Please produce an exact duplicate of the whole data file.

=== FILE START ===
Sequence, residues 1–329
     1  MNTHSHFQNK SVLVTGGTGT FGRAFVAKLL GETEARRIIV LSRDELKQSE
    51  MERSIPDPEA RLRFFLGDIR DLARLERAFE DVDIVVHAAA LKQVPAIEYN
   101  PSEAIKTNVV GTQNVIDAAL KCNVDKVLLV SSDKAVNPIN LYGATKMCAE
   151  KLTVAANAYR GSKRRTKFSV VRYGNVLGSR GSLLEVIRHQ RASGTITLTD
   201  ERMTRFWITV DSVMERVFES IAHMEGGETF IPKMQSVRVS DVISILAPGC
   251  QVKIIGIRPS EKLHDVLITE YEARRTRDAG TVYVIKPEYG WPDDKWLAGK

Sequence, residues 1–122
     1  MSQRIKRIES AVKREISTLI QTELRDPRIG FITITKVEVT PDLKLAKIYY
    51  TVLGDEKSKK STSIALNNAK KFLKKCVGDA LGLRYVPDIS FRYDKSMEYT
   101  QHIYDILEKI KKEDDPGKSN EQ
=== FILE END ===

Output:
Sequence, residues 1–329
     1  MNTHSHFQNK SVLVTGGTGT FGRAFVAKLL GETEARRIIV LSRDELKQSE
    51  MERSIPDPEA RLRFFLGDIR DLARLERAFE DVDIVVHAAA LKQVPAIEYN
   101  PSEAIKTNVV GTQNVIDAAL KCNVDKVLLV SSDKAVNPIN LYGATKMCAE
   151  KLTVAANAYR GSKRRTKFSV VRYGNVLGSR GSLLEVIRHQ RASGTITLTD
   201  ERMTRFWITV DSVMERVFES IAHMEGGETF IPKMQSVRVS DVISILAPGC
   251  QVKIIGIRPS EKLHDVLITE YEARRTRDAG TVYVIKPEYG WPDDKWLAGK

Sequence, residues 1–122
     1  MSQRIKRIES AVKREISTLI QTELRDPRIG FITITKVEVT PDLKLAKIYY
    51  TVLGDEKSKK STSIALNNAK KFLKKCVGDA LGLRYVPDIS FRYDKSMEYT
   101  QHIYDILEKI KKEDDPGKSN EQ